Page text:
The American Psychiatric Association’s long-awaited fifth edition of the Diagnostic and Statistical Manual of Mental Disorders (DSM-5) was released in May 2013.
The idea of shifting from the long-established classifications provided by DSM-IV has left many in the insurance industry feeling insecure: even some senior staff in Australia, New Zealand and North America have only ever known that version. The trepidation has been encouraged by voracious debate over this edition. (Many will recall similarly animated responses to prior revisions.)
In reality, the revisions and novel inclusions in this new edition are unlikely to make a substantial difference to claims management, yet they highlight the desirability for underwriters to phrase policies with greater specificity, as previously less acknowledged adversities (e.g. binge eating and gambling) were elevated for inclusion in DSM-5.
The DSM is a prominent classificatory system for psychiatric disorders. It is used exclusively in countries such as Australia and the U.S., while professional communities in other countries have elected to work with other systems. For example, Chapter 5 of the World Health Organization’s International Statistical Classification of Diseases and Related Health Problems (ICD-10) In Occupational Health is used in the United Kingdom and is reasonably complementary to DSM-5.
A fundamental element in the nature of the DSM, and indeed of all classificatory systems, is that these are all works in progress which are continually under assessment and review. Learned academics are appointed to steering committees, sub-committees and working parties to review current scientific literature with a view toward arriving at a consensus approach to the classification and definition of various disorders. There are always detractors who disagree with the essential opinion of a given working party, but ultimately doctors need diagnostic labels from an operational perspective as an aid to clinical communication and treatment, and to allow them to draw together people of similar clinical presentations for the sake of researching the causes and effective treatments of a given condition.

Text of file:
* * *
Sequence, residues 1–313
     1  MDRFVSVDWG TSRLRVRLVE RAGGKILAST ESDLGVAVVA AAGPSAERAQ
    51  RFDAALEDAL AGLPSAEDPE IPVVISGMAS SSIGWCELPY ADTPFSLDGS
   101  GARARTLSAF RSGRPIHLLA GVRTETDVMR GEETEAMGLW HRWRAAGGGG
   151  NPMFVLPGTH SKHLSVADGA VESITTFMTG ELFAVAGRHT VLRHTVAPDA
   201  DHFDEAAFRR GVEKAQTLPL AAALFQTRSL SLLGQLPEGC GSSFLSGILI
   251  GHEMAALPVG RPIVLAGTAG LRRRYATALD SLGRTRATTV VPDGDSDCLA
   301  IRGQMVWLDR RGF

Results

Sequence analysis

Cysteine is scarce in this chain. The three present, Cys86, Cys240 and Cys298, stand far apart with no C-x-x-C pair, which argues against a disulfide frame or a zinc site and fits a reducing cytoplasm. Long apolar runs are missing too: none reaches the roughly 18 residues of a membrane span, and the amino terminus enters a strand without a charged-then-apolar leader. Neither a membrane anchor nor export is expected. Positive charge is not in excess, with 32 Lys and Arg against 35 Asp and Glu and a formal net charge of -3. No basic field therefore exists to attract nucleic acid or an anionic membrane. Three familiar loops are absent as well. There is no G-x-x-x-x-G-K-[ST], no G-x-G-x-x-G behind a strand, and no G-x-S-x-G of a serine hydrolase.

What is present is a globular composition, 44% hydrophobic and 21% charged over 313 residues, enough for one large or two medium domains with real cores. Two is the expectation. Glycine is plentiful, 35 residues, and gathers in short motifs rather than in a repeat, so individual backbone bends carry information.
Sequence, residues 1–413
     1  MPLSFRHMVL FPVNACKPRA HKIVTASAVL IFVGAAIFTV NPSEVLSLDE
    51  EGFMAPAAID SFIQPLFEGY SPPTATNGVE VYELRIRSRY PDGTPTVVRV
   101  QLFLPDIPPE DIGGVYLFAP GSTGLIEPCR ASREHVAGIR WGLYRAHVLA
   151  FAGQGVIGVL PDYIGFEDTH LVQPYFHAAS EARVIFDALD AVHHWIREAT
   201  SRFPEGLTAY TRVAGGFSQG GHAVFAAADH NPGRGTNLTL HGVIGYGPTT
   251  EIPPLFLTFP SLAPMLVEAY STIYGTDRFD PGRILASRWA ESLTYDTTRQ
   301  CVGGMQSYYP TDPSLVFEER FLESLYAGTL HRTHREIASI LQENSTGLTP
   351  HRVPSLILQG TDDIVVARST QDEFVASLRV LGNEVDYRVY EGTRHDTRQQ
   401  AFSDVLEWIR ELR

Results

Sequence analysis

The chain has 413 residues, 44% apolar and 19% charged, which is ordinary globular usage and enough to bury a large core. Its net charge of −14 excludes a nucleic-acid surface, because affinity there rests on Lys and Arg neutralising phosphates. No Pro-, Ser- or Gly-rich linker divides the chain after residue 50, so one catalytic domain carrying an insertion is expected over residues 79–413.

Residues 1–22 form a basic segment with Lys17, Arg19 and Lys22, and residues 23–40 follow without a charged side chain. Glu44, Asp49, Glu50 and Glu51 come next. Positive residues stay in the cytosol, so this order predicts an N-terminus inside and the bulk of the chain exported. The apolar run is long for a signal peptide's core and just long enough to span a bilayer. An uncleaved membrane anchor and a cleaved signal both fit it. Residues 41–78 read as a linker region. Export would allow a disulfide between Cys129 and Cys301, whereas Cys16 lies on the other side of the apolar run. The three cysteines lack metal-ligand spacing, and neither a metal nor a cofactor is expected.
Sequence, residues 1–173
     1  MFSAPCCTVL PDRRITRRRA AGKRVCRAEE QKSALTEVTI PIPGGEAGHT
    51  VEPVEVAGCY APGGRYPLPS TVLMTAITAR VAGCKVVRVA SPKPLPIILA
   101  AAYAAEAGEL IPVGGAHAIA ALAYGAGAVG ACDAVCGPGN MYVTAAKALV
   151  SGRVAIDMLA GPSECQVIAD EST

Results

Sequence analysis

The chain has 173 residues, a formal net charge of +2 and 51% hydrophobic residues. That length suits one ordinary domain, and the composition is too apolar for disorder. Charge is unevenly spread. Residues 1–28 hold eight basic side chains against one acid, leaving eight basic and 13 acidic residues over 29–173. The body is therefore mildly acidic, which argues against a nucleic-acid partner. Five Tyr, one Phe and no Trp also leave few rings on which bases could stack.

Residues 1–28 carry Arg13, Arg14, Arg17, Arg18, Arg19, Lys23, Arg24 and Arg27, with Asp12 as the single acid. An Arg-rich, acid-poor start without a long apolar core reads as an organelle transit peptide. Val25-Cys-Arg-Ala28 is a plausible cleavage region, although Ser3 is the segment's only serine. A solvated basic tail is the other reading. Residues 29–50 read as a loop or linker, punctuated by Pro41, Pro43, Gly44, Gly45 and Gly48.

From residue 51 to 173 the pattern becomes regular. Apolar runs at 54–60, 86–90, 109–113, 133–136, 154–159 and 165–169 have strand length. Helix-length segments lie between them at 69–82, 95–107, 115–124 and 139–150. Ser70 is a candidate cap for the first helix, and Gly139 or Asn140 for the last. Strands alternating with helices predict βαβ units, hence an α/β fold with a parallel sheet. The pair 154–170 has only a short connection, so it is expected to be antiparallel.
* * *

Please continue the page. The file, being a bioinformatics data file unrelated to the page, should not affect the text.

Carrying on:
Yet this need to classify people of similar situations into one group for the purpose of research and treatment is probably at the heart of the greatest criticism of any psychiatric classification, as one’s agreement with a particular diagnosis opens the door towards unhelpful labeling and stigmatization. One expects that, for example, the newly- introduced item of Premenstrual Dysphoric Disorder has been included to facilitate research into the extreme distress regularly experienced by 3% to 8% of women, and not so as to classify them as suffering a mental illness per se.
While the preambles to these tomes consistently warn that one should not apply such classifications outside of clinical and research contexts, the reality is that our industry requires reproducible and reliable diagnostic criteria by which we can contemplate our approaches to claimants with similarity of presentation and prognosis. While many argue that the DSM fails to provide the reliability and reproducibility we seek, it is the best the American Psychiatric Association has been able to offer after a decade of deliberation.
For the purpose of this overview, it is probably unhelpful to spend much time discussing the many valid criticisms of such classificatory systems in general, and of the DSM specifically. It is, however, important to acknowledge that psychiatry still has no objective strategies for diagnosing mental illness; reliance on the patient’s self-report remaining pivotal. While it remains unclear whether or not this classificatory revision will be allowed a foothold in the marketplace, it is now timely to acquaint ourselves with some of the changes, particularly some of those of significance to our industry.
Clinicians with whom you liaise will continue to cause confusion, primarily because real patients don’t often fit readily into some number of clearly defined diagnostic boxes. There will be a period of exacerbated anxiety over the labeling of a presentation while we all bring ourselves to speak the same diagnostic language, even though in most instances DSM-5’s changes will have little real impact on the insurance industry. Especially over the next year or so, if we wish to be precise, it will behoove all involved in the use of diagnostic terminology to establish with clarity which precise version of the DSM criteria is being used when applying a particular diagnostic label.